5 Search Results for "Eisenbach, Susan"


Document
Artifact
Implementation of SHAPES Case Studies (Artifact)

Authors: Alexandros Tasos, Juliana Franco, Sophia Drossopoulou, Tobias Wrigstad, and Susan Eisenbach

Published in: DARTS, Volume 6, Issue 2, Special Issue of the 34th European Conference on Object-Oriented Programming (ECOOP 2020)


Abstract
Our main paper presents {SHAPES}, a language extension which offers developers fine-grained control over the placement of data in memory, whilst retaining both memory safety and object abstraction via pooling and clustering. As part of the development of {SHAPES}, we wanted to investigate the usefulness of the concepts {SHAPES} brings to the table. To that extent, we implemented five such case studies. This publication provides the corresponding code and instructions on how to run these case studies and derive the results we provide.

Cite as

Alexandros Tasos, Juliana Franco, Sophia Drossopoulou, Tobias Wrigstad, and Susan Eisenbach. Implementation of SHAPES Case Studies (Artifact). In Special Issue of the 34th European Conference on Object-Oriented Programming (ECOOP 2020). Dagstuhl Artifacts Series (DARTS), Volume 6, Issue 2, pp. 19:1-19:3, Schloss Dagstuhl - Leibniz-Zentrum für Informatik (2020)


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@Article{tasos_et_al:DARTS.6.2.19,
  author =	{Tasos, Alexandros and Franco, Juliana and Drossopoulou, Sophia and Wrigstad, Tobias and Eisenbach, Susan},
  title =	{{Implementation of SHAPES Case Studies (Artifact)}},
  pages =	{19:1--19:3},
  journal =	{Dagstuhl Artifacts Series},
  ISSN =	{2509-8195},
  year =	{2020},
  volume =	{6},
  number =	{2},
  editor =	{Tasos, Alexandros and Franco, Juliana and Drossopoulou, Sophia and Wrigstad, Tobias and Eisenbach, Susan},
  publisher =	{Schloss Dagstuhl -- Leibniz-Zentrum f{\"u}r Informatik},
  address =	{Dagstuhl, Germany},
  URL =		{https://drops.dagstuhl.de/entities/document/10.4230/DARTS.6.2.19},
  URN =		{urn:nbn:de:0030-drops-132167},
  doi =		{10.4230/DARTS.6.2.19},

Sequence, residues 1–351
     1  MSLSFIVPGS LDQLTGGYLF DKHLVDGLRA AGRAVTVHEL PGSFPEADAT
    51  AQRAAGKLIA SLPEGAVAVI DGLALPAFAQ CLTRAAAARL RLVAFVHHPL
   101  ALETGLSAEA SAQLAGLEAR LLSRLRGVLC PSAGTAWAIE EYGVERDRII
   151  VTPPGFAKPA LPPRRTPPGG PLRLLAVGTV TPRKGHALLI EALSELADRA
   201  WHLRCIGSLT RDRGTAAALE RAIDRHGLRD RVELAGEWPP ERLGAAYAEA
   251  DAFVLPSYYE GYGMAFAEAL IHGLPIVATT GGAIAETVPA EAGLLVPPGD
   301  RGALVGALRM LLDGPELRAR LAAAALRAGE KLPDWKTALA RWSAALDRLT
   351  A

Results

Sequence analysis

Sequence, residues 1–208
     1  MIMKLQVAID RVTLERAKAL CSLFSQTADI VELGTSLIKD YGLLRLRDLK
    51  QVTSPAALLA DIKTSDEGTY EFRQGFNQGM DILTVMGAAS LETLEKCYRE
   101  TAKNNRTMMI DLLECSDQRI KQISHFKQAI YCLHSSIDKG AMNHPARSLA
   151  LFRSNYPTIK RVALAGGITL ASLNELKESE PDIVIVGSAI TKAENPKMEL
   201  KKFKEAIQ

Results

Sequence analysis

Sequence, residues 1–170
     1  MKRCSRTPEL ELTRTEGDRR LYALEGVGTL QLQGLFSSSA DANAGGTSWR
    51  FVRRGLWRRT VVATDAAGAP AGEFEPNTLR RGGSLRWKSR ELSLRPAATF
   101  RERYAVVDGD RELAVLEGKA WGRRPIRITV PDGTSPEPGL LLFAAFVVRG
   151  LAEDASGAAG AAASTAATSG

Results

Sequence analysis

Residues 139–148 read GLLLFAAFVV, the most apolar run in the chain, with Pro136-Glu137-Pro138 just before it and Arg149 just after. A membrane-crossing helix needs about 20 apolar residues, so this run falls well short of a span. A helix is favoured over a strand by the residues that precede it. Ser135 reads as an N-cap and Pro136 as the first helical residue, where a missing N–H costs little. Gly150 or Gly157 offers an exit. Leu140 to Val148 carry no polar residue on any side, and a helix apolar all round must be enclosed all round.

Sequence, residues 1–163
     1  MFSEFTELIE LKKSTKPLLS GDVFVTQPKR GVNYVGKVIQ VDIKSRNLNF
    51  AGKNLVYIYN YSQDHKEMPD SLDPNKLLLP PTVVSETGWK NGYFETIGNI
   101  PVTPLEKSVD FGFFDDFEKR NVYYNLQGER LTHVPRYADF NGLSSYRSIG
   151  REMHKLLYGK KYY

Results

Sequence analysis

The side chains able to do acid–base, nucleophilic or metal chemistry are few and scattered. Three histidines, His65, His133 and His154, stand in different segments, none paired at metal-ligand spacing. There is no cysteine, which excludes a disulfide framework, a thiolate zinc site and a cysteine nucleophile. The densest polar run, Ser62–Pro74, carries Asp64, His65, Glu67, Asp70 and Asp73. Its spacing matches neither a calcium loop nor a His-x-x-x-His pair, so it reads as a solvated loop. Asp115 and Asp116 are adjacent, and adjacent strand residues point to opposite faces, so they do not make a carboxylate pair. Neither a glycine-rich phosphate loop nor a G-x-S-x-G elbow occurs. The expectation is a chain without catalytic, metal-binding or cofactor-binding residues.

annote =	{Keywords: Cache utilisation, Data representation, Memory safety}
}
Document
SCICO Journal-first
Reshape Your Layouts, Not Your Programs: A Safe Language Extension for Better Cache Locality (SCICO Journal-first)

Authors: Alexandros Tasos, Juliana Franco, Sophia Drossopoulou, Tobias Wrigstad, and Susan Eisenbach

Published in: LIPIcs, Volume 166, 34th European Conference on Object-Oriented Programming (ECOOP 2020)


Abstract
The vast gap between CPU and RAM speed means that on modern architectures, developers need to carefully consider data placement in memory to exploit spatial and temporal cache locality and use CPU caches effectively. To that extent, developers have devised various strategies regarding data placement; for objects that should be close in memory, a contiguous pool of objects is allocated and then new instances are constructed inside it; an array of objects is clustered into multiple arrays, each holding the values of a specific field of the objects. Such data placements, however, have to be performed manually, hence readability, maintainability, memory safety, and key OO concepts such as encapsulation and object identity need to be sacrificed and the business logic needs to be modified accordingly. We propose a language extension, SHAPES, which aims to offer developers high-level fine-grained control over data placement, whilst retaining memory safety and the look-and-feel of OO. SHAPES extends an OO language with the concepts of pools and layouts: Developers declare pools that contain objects of a specific type and specify the pool’s layout. A layout specifies how objects in a pool are laid out in memory. That is, it dictates how the values of the fields of the pool’s objects are grouped together into clusters. Objects stored in pools behave identically to ordinary, standalone objects; the type system allows the code to be oblivious to the layout being used. This means that the business logic is completely decoupled from any placement concerns and the developer need not deviate from the spirit of OO to better utilise the cache. In this paper, we present the features of SHAPES, as well as the design rationale behind each feature. We then showcase the merit of SHAPES through a sequence of case studies; we claim that, compared to the manual pooling and clustering of objects, we can observe improvement in readability and maintainability, and comparable (i.e., on par or better) performance. We also present SHAPES^h, an OO calculus which models the SHAPES ideas, we formalise the type system, and prove soundness. The SHAPES^h type system uses ideas from Ownership Types [Clarke et al., 2013] and Java Generics [Gosling et al., 2014]: In SHAPES^h, pools are part of the types; SHAPES^h class and type definitions are enriched with pool parameters. Moreover, class pool parameters are enriched with bounds, which is what allows the business logic of SHAPES to be oblivious to the layout being used. SHAPES^h types also enforce pool uniformity and homogeneity. A pool is uniform if it contains objects of the same class only; a pool is homogeneous if the corresponding fields of all its objects point to objects in the same pool. These properties allow for more efficient implementation. For performance considerations, we also designed SHAPES^l, an untyped, unsafe low-level language with no explicit support for objects or pools. We argue that it is possible to translate SHAPES^l into existing low-level intermediate representations, such as LLVM [Lattner and Adve, 2004], present the translation of SHAPES^h into SHAPES^l, and show its soundness. Thus, we expect SHAPES to offer developers more fine-grained control over data placement, without sacrificing memory safety or the OO look-and-feel.